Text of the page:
Difference between revisions of "User:Misfit138/The Arch Way v2.0"

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m (Changed protection level for "The Arch Way v2.0": Excessive vandalism: practically this wasn't protected, as protection was set to "autoconfirmed users" (‎[edit=sysop] (expires 13:39, 27 July 2013 (UTC)) ‎[move=sysop] (expires 13:39, 27 July 2013 )
m (Kynikos moved page The Arch Way v2.0 to User:Misfit138/The Arch Way v2.0: sorry, but having two articles on the Arch Way is indeed confusing and not really simple ^^)
(No difference)

Revision as of 07:12, 28 July 2013

Inspired by The Rise of "Worse is Better" by Richard P. Gabriel.


without unnecessary additions, modifications, or complications

"The central enemy of reliability is complexity." — Geer et al.

Simplicity is the primary principle. All other principles must be sacrificed in favor of design simplicity. Implementation simplicity is more important than interface simplicity.


combining simplicity, power, effectiveness, a quality of neatness and an ingenious grace of design

The French aviator, adventurer, and author Antoine de Saint-Exupéry gave us perhaps the best definition of engineering elegance when he said, “a designer knows he has achieved perfection not when there is nothing left to add, but when there is nothing left to take away.”

It is slightly more important to be simple than elegant.


accommodating competent users by giving them complete choice, control and responsibility over the system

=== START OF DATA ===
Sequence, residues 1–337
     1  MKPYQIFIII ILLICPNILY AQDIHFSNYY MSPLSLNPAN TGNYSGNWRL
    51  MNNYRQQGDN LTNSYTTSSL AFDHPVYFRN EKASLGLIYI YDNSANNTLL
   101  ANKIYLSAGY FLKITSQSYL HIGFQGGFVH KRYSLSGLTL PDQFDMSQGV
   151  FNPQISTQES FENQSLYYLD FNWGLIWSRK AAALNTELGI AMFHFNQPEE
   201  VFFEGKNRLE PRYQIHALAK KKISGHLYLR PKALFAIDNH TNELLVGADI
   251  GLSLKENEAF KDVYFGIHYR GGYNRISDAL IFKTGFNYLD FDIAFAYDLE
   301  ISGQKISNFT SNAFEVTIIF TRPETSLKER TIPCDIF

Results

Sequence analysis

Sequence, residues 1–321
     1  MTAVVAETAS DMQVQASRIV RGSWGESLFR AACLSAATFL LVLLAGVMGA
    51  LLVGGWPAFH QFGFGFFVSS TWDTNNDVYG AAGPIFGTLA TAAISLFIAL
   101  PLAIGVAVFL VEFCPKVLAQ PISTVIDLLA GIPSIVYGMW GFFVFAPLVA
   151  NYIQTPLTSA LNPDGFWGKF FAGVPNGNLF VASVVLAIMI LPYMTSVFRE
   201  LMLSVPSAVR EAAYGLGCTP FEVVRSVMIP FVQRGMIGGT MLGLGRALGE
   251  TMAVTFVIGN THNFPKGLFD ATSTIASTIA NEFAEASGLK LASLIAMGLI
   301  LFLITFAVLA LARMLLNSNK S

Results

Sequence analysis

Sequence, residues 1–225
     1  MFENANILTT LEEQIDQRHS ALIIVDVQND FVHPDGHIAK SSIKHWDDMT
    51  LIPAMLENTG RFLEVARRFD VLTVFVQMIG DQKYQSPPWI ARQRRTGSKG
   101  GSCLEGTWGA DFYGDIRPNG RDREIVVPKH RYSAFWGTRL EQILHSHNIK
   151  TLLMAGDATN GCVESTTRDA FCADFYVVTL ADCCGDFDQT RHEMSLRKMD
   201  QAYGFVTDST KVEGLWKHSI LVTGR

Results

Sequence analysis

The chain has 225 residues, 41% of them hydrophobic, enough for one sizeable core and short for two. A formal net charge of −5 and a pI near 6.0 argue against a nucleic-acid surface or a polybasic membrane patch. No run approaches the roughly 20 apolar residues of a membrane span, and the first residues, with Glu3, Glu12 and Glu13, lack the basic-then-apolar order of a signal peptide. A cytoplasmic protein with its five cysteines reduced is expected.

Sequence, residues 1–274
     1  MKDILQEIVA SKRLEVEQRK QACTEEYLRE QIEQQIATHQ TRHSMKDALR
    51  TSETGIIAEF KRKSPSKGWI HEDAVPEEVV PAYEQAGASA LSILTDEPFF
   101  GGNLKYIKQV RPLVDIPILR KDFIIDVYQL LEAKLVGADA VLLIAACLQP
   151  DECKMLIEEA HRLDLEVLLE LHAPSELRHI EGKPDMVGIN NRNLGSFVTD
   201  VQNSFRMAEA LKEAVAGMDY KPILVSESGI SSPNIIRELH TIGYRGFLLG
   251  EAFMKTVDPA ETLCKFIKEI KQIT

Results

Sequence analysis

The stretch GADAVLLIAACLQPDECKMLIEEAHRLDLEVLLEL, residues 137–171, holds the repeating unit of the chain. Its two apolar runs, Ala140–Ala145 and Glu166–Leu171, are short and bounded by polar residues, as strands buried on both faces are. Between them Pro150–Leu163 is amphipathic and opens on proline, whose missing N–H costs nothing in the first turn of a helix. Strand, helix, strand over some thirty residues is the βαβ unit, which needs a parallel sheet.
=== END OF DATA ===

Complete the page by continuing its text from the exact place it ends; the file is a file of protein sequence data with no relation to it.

"One of my most productive days was throwing away 1000 lines of code."— Ken Thompson

Arch is founded upon sensible design and excellent documentation, necessarily implying a "do-it-yourself" approach. User-centric design is more important than versatility and expedience, yet less important than elegance and simplicity.


capable of doing many things competently; having varied uses or many functions

"When I am working on a problem I never think about beauty. I think only how to solve the problem. But when I have finished, if the solution is not beautiful, I know it is wrong." — R. Buckminster Fuller

A simple and elegant system often becomes versatile by nature, but must be designed as simple first and foremost. Versatility must be sacrificed in favor of simplicity. Also less important than user-centricity and elegance, but more important than expedience.


easy, or quick; convenient

"I remarked to Dennis [Ritchie] that easily half the code I was writing in Multics was error recovery code. He said, "We left all that stuff out [of Unix]. If there's an error, we have this routine called panic, and when it is called, the machine crashes, and you holler down the hall, 'Hey, reboot it.'" — Tom Van Vleck

The simple, elegant and versatile system must offer expedience where practical, but expedience can and will be sacrificed in favor of any of the above. It must be sacrificed whenever implementation simplicity is jeopardized. When expedience is compromised by a resulting complexity of user interface, it must present its complexity without unnecessary complication.